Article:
Active Kids 2015 begins tomorrow

The Sainsbury’s Active Kids scheme begins for 2015 TOMORROW.

Amazingly, for the first time EVER we’ve been sent a pack of stuff – an actual catalogue (no having to go through the website to write my list to give to the girls and trying to describe items to them…!), posters and even a box to assemble to collect vouchers in. I think we even have an envelope to send off our vouchers in!!!! I don’t know if everyone got one, or if it’s because for the last two years we didn’t get anything and had so many issues with putting in our order because we never received our ‘pack’ that this year they pre-empted my annual Active Kids vouchers tweets and e-mails to them.

Anyway, as I’ve not been in the supermarket for the last week, I’m glad they did as I didn’t realise it was starting this month.

If your group isn’t registered, you can sign up to Active Kids on their website. It IS worth doing (I think…even though the ordering part has caused me to wonder if it’s not worth the hassle each year).


Rangers that multiply

I’ve always been an advocate of making sure that Senior Section are SEEN by the younger sections. So many Guides leave Girlguiding altogether because they aren’t aware that Senior Section exists and you don’t have to be a Young Leader to be a part of it.

It’s a constant battle.

However, thanks to some lovely Guiders inviting us to come meet their older Guides, and the fact that I try and find opportunities for joint events with Guides and Senior Section (like trips to the Gang Show, Remembrance Sunday, Campfires) several Guide units now are having girls naturally move on up. It’s fantastic. In two years we doubled our group membership from five to ten girls.

Last term, I was aware of some girls in the area turning 14, including four from my own Guide unit that I help with. We got them working on the ‘Be The Change’ Go For It and looking at the Move On Up resource to get them prepared for moving on from Guides and working out if they wanted to be part of Senior Section and how they wanted to be a part of Senior Section (ie be a Young Leader, or be a Ranger or do both). It was clear there was a need for a second group as the girls were hearing more about our Senior Section unit through friends and several girls who wanted to be part of it couldn’t come on the day we meet.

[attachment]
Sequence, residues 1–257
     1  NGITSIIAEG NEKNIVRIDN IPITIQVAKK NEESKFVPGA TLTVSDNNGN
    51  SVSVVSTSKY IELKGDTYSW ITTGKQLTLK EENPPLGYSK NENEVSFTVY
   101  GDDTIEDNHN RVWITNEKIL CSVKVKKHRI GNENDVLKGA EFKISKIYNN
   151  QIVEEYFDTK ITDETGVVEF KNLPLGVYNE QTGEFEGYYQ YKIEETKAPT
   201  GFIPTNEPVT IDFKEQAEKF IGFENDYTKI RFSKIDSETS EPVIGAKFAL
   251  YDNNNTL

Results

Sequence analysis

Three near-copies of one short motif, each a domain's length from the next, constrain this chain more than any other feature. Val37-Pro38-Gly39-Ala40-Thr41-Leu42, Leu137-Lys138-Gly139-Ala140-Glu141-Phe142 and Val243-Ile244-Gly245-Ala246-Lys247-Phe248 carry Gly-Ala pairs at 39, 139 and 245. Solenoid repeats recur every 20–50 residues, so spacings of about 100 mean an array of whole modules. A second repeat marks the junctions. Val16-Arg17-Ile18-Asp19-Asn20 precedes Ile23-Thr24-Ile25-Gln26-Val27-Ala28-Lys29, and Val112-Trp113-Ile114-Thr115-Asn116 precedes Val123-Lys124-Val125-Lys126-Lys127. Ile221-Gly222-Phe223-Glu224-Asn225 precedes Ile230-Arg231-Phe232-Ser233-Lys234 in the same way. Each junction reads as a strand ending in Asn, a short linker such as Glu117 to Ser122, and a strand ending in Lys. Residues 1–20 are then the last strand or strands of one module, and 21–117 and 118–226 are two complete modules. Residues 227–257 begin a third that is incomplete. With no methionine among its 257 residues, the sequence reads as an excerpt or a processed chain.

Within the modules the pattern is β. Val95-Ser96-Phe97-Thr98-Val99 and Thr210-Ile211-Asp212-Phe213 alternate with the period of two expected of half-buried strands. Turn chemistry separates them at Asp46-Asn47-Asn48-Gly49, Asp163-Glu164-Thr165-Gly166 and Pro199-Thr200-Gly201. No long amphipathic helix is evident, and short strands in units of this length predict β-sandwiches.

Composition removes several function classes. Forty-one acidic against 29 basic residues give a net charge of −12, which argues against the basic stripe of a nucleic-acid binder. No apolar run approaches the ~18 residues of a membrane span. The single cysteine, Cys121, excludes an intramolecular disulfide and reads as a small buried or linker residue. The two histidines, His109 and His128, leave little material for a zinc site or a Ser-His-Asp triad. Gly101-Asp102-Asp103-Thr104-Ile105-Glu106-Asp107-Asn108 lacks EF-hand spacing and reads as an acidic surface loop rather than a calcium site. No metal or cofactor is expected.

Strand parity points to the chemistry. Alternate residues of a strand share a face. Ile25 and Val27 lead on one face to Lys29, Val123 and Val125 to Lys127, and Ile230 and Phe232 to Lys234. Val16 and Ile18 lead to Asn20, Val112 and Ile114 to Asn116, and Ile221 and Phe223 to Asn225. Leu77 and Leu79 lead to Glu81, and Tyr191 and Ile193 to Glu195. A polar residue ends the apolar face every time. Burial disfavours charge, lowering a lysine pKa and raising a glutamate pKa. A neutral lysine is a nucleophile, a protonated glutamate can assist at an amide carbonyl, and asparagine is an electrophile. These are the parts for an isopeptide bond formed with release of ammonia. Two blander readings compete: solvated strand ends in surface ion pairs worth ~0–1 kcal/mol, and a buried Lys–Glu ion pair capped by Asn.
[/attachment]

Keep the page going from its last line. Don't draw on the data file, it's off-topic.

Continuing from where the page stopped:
So we found a location at another church hall on the appropriate evening that the girls could make. At first the other Guide leaders in the area weren’t giving me any info or speaking to their girls to get confirmation if they definitely wanted to go ahead. Our Division Commissioner didn’t want me to start a new unit, which I understand – the concern was that the group would flop and that’s a whole lot of paperwork and faffing to open then shut down a unit. So we are running two units under one unit (if that makes sense).

Before the Christmas Holidays it looked like I may have about seven or eight newbies. Then it seemed like it might only be three when we came back after Christmas.

Cue last week….when I discovered that my unit was going from 10 girls to 21 girls.

I was excited and then I had a brief moment of FREAKING OUT.

The Challenges to this are:

  • Go only lets you have one meeting time/place per unit – so people can’t find out about the second group through Join Us.
  • Because we are officially not a ‘new unit’, there is no start up fund.
  • We have eleven new girls that we will likely have to pay census for – with only some subs (as some of them had already paid Guides before deciding to move up) and no start up fund. AHHHH!
  • I don’t have a car. So moving resources between the two units isn’t really feasible. So I do need to get a second set of basic resources to keep in our second location. And we have no start up fund.
  • It is annoying that I can’t run reports for just one of the groups that are part of the official unit.

The flexible points:

  • Both groups meet fortnightly and I have them on alternate weeks. This means that it’s less stress for me, and I can still give cover to the Guide unit I’m actively involved with, which now clashes with our second group.
  • There is now a Senior Section unit that meets on the same night as several Guide units in the area so the progression is hopefully easier for girls who want to stay in Guiding.
  • Both groups meet in church halls at the same time as Guide units that have several adult leaders. So if worse comes to worse (ie I got really sick or something) the girls could still meet and know that there are qualified leaders in the building that can check on them and they can go to for advice/assistance during their meeting if needed.
  • I’m hoping that other leaders in the area may be able to be occasional unit helpers with the second group so I’m not abandoning the Guides completely!
  • The new group have been able to see what the girls in the first group have done until this point. We are sharing funding from Young Scot at the moment to do the Money for Life challenge (more on that soon!). It also means that the new group can do things that the first group have done before without older members feeling bored.
  • Only one set of accounts to do still – hurrah!

It’s all another experiment, learning from trial and error really. I will of course keep you posted on how it’s going. It’s been really nice to see how enthusiastic the girls are about staying in Guiding, and I wish all the Guiders that have told me that ‘there’s just no interest for Senior Section anymore’ could come and see…THERE IS!

Thank you event



A belated Happy New Year to you all!